In Short

Published: Wednesday 15 October 2003

hc cracks whip: Reprimanding the state-level committee over its inability to find zones for stone-crushers, the Himachal Pradesh High Court has ordered the closure of all such units. The owners of the state's stone-crushing units may, however, approach the court for a vacation or modification of the order. Announcing that it would constitute a new committee, the court chastised the existing panel for failing to take any steps to regulate the air and noise pollution caused by stone-crushers.

at loggerheads: A Rs 100-crore project for setting up an environmental monitoring system has become a sticking point between two ministries in Pakistan. Having received an assurance of aid from the Japan International Cooperation Agency, Pakistan's ministry of environment had approved the project. The ministry of science and technology (MS&T), however, has its objections. MS&T in-charge Atta-ur-Rehman has advised that the environment ministry come up with "solution-based projects" to control pollution instead.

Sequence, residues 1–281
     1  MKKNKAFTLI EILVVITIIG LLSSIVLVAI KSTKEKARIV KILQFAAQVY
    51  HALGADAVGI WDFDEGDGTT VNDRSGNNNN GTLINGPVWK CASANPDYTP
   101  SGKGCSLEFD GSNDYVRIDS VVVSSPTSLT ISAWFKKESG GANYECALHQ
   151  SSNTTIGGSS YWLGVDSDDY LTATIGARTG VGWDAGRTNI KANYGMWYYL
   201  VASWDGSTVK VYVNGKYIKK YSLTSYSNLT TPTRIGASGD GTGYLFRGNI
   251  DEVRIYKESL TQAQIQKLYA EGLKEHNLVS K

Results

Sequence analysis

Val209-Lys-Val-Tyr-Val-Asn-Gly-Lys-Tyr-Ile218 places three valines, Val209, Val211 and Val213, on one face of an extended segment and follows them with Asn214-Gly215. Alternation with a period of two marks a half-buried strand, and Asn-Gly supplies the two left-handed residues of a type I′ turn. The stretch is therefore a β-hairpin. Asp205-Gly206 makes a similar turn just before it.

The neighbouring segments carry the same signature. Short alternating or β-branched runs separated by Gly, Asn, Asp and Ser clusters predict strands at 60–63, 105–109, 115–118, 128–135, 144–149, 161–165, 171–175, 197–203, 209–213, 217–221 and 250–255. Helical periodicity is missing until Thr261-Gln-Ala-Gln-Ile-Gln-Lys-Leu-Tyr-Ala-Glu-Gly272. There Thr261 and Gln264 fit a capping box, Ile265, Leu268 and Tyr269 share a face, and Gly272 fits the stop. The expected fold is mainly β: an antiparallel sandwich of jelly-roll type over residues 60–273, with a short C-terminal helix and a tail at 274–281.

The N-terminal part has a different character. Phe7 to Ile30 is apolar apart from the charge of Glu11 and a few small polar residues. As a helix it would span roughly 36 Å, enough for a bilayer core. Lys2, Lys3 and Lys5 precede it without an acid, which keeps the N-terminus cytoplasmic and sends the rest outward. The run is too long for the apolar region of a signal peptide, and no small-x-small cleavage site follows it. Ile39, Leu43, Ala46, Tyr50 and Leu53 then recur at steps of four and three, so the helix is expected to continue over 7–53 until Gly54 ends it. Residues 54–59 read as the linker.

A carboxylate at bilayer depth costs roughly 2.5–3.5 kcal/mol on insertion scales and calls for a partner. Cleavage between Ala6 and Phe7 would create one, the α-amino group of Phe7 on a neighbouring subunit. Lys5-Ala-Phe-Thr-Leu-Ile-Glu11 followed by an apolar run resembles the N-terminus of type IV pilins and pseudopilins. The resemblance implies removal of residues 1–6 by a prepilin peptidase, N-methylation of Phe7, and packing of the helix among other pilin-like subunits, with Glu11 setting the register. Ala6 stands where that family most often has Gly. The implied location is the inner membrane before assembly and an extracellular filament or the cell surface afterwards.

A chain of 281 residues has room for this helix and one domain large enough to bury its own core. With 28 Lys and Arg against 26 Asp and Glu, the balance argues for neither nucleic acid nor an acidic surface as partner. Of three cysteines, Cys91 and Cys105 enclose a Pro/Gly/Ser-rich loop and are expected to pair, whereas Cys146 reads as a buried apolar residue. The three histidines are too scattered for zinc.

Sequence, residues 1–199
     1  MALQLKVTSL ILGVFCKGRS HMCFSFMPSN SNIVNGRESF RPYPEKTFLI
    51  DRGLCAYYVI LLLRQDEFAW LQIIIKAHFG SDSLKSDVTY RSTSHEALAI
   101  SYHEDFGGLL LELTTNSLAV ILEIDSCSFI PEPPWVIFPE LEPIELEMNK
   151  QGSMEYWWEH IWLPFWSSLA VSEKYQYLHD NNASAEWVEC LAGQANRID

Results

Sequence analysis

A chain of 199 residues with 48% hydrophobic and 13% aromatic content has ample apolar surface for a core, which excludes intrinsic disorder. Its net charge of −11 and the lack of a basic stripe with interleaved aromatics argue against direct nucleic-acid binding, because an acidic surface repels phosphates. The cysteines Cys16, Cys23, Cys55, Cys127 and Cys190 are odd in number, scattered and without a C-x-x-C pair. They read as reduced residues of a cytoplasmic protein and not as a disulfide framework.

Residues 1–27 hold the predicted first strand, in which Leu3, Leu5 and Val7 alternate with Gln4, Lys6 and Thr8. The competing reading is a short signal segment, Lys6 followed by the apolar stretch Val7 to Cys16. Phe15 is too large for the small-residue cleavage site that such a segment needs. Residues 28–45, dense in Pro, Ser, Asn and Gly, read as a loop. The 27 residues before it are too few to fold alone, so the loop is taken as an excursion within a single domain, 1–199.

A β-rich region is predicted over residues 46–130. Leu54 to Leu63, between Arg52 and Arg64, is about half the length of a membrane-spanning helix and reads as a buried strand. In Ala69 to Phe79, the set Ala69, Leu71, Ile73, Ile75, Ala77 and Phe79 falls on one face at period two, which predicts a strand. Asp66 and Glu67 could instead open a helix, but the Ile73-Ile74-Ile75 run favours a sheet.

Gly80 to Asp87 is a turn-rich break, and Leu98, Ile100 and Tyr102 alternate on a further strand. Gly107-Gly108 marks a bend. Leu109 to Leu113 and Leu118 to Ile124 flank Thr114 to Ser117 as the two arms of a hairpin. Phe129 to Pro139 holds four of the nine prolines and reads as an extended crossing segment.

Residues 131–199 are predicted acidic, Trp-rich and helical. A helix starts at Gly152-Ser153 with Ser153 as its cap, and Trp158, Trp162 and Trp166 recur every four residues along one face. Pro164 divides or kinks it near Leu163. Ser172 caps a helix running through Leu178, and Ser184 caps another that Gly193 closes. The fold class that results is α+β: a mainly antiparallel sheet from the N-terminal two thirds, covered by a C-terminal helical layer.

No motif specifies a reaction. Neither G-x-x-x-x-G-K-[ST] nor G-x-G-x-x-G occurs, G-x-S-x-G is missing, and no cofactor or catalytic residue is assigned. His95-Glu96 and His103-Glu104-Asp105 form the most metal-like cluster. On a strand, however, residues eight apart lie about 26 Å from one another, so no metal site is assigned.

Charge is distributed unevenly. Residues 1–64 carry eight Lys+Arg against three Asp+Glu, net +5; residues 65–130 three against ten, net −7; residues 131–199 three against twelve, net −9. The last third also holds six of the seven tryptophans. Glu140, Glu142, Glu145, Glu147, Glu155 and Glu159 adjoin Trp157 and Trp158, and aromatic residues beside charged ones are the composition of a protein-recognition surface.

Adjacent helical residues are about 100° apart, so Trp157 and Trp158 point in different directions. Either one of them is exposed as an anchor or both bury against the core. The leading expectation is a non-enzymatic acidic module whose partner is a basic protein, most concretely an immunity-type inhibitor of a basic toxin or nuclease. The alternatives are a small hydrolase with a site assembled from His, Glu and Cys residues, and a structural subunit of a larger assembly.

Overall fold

deadly trade: The business of scrapping discarded ships continues to wreak havoc on the environment. Recently, a poisonous gas began leaking out of an oil tanker dumped at a port in Bangladesh. Apart from killing seabirds, it caused health problems to workers dismantling the vessel. Schools were shut and residents fled as the gas mixed with industrial smoke to form a poisonous cloud.

green issue paramount: The Canadian authorities have hit a roadblock in their attempts to settle a land dispute with the Haida Indians. The latter rejected a provincial government proposal offering them a part of Queen Charlottes -- an archipelago south of the Alaska Panhandle -- in return for the tribe suspending lawsuits that lay claim to the entire Haida Gwaii area. Significantly, the Haidas are averse to accepting the offer for environmental reasons. The government's intention is to open up the area for offshore drilling to extract oil and gas.

insect inside: Bottled water remains in the news for the wrong reasons. Following the receipt of a complaint about the presence of ants in a Bisleri bottle, the Food and Drugs Administration (FDA) suspended production at a Bisleri India plant at Vile Parle, Mumbai. The FDA has asked the company to rectify "various lapses relating to safety and purification of water" before resuming production.

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